**Spoiler – there are no amusing images in this piece. For this, I apologise – next time I will do many. I currently don’t have the time to find any, and also the subject matter was rather difficult to find any good ones. [I think putting a picture of Pumbaa is a little far-fetched when talking about pig-headed people, see below]. Also, heavy stuff. I hope you enjoy reading it. Let me know what you think in the comments section.**
SO first and foremost: I am going to quote two pieces of advice that have come to me, I don’t know, third or fourth hand, from Fiona Ellis.
The first comes from Heidegger, who viewed philosophers as individuals who, upon proposing certain arguments and ways of thinking, acting or being, worked with presuppositions and assumptions that they often fail to question when asking their particular questions. There are questions they leave out, that often are rather important if one really wishes to get to the heart of what is at issue, when arguing for, well, whatever you like. Heidegger’s advice is thus:
Do not assume that you know exactly what is at issue.
By extension, don’t be pig-headed, assuming that whatever question you are asking is the right kind of question [or indeed, the wrong kind], and as such, question your question. Question whether it ought to be asked. If I for instance, asked something tautologous or easy enough to answer such as “are bachelors unmarried men?” or “is the sky really blue?” you mightn’t even bother to answer it, or at best give a hurried answer of “of course.” The second question might be slightly more problematic when understanding what colour is and how it works in the atmosphere etc, but essentially, you look at the sky and see blue. There might be deeper questions that need asking though, such as how ought I understand the way I perceive colour?
So as not to digress too much however, I shall hurry on to the next piece of advice. So firstly, Heidegger gives us a punch of humility, and secondly we are going to take it slow with Wittgenstein, who, appropriately considering the nature of his work, said:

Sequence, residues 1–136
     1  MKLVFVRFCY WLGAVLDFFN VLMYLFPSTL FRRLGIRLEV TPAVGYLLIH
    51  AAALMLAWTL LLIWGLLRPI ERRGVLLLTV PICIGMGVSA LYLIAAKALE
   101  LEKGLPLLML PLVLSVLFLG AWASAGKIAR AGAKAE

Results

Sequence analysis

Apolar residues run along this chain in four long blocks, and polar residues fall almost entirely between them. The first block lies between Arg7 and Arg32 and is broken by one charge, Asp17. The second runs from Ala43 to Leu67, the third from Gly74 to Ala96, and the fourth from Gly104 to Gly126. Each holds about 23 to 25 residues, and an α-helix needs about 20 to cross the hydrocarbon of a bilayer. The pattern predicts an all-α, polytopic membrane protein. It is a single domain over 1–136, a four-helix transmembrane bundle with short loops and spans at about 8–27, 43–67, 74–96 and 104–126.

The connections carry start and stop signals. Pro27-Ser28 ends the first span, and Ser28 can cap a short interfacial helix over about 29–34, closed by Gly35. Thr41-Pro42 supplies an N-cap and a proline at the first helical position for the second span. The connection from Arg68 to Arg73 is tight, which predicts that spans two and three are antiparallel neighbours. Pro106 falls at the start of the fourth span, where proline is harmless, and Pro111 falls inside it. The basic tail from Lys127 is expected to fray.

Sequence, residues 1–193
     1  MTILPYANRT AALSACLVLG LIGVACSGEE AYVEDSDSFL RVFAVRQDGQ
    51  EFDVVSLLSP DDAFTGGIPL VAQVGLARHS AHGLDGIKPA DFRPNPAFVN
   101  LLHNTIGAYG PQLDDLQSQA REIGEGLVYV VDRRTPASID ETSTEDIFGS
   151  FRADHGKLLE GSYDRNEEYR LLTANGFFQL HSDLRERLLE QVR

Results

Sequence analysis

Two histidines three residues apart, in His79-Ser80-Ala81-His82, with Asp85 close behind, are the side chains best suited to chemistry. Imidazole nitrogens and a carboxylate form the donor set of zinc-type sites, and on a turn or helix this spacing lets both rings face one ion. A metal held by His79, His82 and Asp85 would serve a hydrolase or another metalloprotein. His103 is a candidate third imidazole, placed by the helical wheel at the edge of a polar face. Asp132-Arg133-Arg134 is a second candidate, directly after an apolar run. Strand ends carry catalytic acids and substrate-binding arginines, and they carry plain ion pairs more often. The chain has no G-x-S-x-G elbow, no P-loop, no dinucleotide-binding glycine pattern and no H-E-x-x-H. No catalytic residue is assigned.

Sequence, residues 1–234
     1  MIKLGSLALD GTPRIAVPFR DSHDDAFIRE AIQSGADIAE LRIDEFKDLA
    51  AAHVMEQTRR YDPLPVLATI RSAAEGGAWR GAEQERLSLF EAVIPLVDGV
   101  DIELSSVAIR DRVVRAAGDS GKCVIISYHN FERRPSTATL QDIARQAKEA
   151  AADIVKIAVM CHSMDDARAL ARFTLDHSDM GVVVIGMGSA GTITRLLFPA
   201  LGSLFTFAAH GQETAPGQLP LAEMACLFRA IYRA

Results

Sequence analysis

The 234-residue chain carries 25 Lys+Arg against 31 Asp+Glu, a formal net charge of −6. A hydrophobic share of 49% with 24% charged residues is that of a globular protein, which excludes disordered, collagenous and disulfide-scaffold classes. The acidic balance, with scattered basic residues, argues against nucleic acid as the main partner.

Take your time.
You might well now be thinking that Philosophy is very much about never coming to conclusions and taking ages to not come to said conclusions, and you might well be right! But – you might also be wrong. The issue at hand today is one that I saw on the Guardian website, second-hand from a friend on Facebook, entitled “Why we must remember to delete – and forget – in the digital age.”
Now privacy is another of my interests, if it isn’t specifically noted on the innerests pahje. It concerns me deeply, particularly in an age when data can be recorded and recalled in a way that Google and the rest of the innernet allows.
I think that remembering is very valuable. For those of you who don’t know me personally, I can remember a lot. From the taste of the marmite-on-weetabix that my Mother used to make me when I was very small, to the smell of our old camper van we had when I was ten, to a conversation I held with an old boyfriend about his sister’s [then unknown] pregnancy, I think my memory might be a tad more powerful than some people’s. Mostly it is experiential memory, rather than something like mathematical, physics based memory for things like equations and ways that things are programmed, and you may well be much better than me at those kinds of memory. And, at other kinds of memory. My short-term memory can, sometimes, be terrible! But other times, I end up remembering things for a lifetime. Sometimes, useless things!
Thankfully I am not as precise as the lady cited in the article, who could remember every item of breakfast for forty years as well as everything said in every phonecall ever, but here is my exact issue with the article: Mayer-Schönberger did not specify exactly which kinds of memories he was talking about. He may well do in his book, however, but it means that the article is rather misleading.
For instance, he says that he got rid of the majority of his father’s slides and his diary entires were effectively worthless to him; but I have to disagree, to an extent. Some diary entires can be terribly banal, but it doesn’t stop them being created by that wonderful person you know/knew who wrote them. Some slides and photographs can be terrible, and it is right to destroy them, but not only via the criteria that ‘it’s a good photo’ or ‘there’s someone in it I know’.
The little things are often rather important, I think.
Memory is not too difficult to master, in my own experience. If you want to remember something, do so. Or do not do so. Maybe I’m just that little bit autistic. My housemate is notoriously bad for short-term memory and rules such as “replace the looroll when you have finished it”, “keep the salt on the right hand side of the cooker” etc – so this lack of critical memory leads to carelessness. Indeed, I myself can be careless, but it’s about working certain memories into habit. This morning I was distressed my deodorant was where it shouldn’t be, but then remembered I had merely left it on the shelf below. But I have to keep it on the above shelf so as not to have that mini-heart attack of WHY ISN’T IT THERE?! Constantly lose my keys and all. But, I love my memory. Granted, I can’t – and actively refuse to – remember all my breakfasts ever [mostly bacon sandwiches doe] nor each telephone call I have ever had, but there are certain things that, for whatever odd reason, I can’t forget.